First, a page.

Here is the problem with politicians on education: they don’t really know what it’s like in schools. So where do they get their information? From their researchers and writers. How good is that information? Sadly, not always good, for we must ask where they get their information, and too often it comes from kneejerk public opinion that has little to do with life in real schools with real teachers and real students.
Consider Romney’s stance on vouchers. Have we forgotten the research during the 1990’s that proved that vouchers don’t work? Romney claims to fine-tune the voucher issue by allowing students to cross district boundaries and attend whatever schools they choose. But this is old news; districts have been doing this since the 1970’s. Vouchers will not demonstrably change this approach.
Romney has gone on record with the old saw that teachers’ unions protect bad older teachers; therefore, we should get rid of the unions so we can get rid of these bad old teachers and replace them with good young teachers. There is simply no evidence for this type of thinking. Indeed, the research indicates that most teachers find their excellence some years into teaching, and that there are good teachers at any age. This whole argument raises my hackles because I’m an older teacher, and a very good one. There are splendid younger teachers in my school as well. Age is no particular factor.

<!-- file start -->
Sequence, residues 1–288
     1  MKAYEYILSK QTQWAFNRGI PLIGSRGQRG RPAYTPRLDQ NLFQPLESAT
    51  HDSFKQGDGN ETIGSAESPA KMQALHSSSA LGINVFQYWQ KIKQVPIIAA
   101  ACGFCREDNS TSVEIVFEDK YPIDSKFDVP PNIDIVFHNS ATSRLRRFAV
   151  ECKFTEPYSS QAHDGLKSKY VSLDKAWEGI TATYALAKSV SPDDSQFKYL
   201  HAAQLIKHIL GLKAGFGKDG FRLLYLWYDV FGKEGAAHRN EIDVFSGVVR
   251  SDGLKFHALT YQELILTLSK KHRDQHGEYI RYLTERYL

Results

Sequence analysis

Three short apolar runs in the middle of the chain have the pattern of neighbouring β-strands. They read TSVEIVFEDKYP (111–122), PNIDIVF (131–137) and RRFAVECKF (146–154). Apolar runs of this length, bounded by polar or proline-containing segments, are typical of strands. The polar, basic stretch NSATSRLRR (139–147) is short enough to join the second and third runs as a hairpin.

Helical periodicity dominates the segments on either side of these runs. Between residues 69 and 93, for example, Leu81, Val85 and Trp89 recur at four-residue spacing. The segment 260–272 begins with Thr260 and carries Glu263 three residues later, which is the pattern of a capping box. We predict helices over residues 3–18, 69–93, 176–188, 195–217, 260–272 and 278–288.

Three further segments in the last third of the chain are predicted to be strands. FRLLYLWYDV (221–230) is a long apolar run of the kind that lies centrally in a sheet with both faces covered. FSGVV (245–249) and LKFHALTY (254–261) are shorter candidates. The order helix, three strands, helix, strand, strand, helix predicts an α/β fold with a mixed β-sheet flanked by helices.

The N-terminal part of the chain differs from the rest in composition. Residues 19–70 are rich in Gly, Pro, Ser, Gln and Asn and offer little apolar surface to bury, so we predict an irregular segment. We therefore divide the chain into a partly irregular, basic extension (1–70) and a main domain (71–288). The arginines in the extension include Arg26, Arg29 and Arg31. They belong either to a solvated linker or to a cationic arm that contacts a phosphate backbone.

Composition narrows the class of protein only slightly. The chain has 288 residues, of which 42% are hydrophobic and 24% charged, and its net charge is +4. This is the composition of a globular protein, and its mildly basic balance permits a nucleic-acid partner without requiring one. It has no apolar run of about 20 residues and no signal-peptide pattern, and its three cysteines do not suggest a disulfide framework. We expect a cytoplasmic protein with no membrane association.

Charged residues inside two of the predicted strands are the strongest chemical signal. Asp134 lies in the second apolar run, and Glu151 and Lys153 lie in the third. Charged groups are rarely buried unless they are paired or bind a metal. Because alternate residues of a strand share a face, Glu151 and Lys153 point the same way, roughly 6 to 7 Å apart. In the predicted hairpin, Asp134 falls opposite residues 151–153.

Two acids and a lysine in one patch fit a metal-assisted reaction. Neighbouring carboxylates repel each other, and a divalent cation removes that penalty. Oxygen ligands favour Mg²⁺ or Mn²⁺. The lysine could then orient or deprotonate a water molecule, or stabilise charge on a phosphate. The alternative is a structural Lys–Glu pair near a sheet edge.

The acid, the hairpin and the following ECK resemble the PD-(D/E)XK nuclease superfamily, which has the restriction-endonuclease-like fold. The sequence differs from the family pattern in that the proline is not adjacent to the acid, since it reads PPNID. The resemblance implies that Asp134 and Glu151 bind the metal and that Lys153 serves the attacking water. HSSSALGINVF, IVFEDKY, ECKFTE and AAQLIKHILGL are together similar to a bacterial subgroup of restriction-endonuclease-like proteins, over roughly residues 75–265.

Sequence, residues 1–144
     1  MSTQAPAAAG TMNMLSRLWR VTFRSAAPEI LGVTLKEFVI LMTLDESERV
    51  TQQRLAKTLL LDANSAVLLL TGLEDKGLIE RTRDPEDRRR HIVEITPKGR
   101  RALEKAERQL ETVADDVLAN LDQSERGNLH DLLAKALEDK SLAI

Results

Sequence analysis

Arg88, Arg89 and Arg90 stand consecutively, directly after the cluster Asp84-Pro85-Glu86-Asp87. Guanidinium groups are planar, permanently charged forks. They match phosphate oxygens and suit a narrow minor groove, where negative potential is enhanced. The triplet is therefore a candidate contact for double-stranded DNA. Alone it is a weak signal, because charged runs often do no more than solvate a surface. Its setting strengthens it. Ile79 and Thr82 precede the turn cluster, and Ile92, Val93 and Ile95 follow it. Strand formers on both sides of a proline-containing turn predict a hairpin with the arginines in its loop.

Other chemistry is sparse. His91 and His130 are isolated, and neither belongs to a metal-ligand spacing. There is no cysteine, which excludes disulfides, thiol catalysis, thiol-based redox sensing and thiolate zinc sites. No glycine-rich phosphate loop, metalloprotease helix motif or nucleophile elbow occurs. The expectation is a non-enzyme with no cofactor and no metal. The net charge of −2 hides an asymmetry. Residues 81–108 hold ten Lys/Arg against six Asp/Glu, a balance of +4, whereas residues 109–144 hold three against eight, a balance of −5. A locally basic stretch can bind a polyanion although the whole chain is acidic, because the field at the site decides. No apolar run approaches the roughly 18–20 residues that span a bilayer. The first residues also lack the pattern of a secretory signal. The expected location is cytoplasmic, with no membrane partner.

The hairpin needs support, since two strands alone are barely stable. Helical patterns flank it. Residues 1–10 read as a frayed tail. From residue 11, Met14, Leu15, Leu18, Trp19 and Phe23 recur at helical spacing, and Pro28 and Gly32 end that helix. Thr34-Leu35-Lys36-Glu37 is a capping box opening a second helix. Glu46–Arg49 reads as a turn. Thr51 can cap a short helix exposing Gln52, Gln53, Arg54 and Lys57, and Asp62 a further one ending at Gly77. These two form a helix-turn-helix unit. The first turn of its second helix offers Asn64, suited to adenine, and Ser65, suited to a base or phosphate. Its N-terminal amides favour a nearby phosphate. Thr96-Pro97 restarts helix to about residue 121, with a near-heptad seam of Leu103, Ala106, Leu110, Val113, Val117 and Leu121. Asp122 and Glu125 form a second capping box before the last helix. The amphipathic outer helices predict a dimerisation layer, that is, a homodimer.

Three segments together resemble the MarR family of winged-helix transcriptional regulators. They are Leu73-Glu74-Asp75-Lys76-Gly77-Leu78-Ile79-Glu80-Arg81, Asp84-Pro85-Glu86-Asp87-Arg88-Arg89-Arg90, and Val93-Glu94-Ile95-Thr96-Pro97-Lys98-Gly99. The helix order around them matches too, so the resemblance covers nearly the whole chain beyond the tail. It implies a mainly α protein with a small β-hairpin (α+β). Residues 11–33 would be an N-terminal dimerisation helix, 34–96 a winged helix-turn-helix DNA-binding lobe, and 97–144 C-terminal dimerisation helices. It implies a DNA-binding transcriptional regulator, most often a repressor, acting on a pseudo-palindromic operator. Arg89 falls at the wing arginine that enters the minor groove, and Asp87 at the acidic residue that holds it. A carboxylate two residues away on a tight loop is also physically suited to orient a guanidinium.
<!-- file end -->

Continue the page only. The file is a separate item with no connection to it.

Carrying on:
Romney recommends that good teachers be “highly compensated,” yet he and his running mate Ryan advocate across-the-board budget cuts that will also include education spending.
As long as we have free public education, at least in the format we now have it, we’ll have federal funding and that infers some federal influence. Romney’s stance on returning the power to make education decisions to the local level sounds good on the surface, but that would mean relinquishing federal power while retaining funding. Could that work? It could, but do politicians so easily relinquish power while retaining funding? Not usually.
Romney’s “Chance for Every Child” would offer vouchers for students to attend any school they want, including online, private and parochial options. Those of us who have been in education for many years know the arguments attending these options, including the separation of church and state and the depletion of stressed district budgets to accomodate transportation and funding for charter schools.
I notice that Romney has softened his stance on education quite a bit as the election gets closer, but I still think that his plan lacks depth and will be pretty much impossible to implement.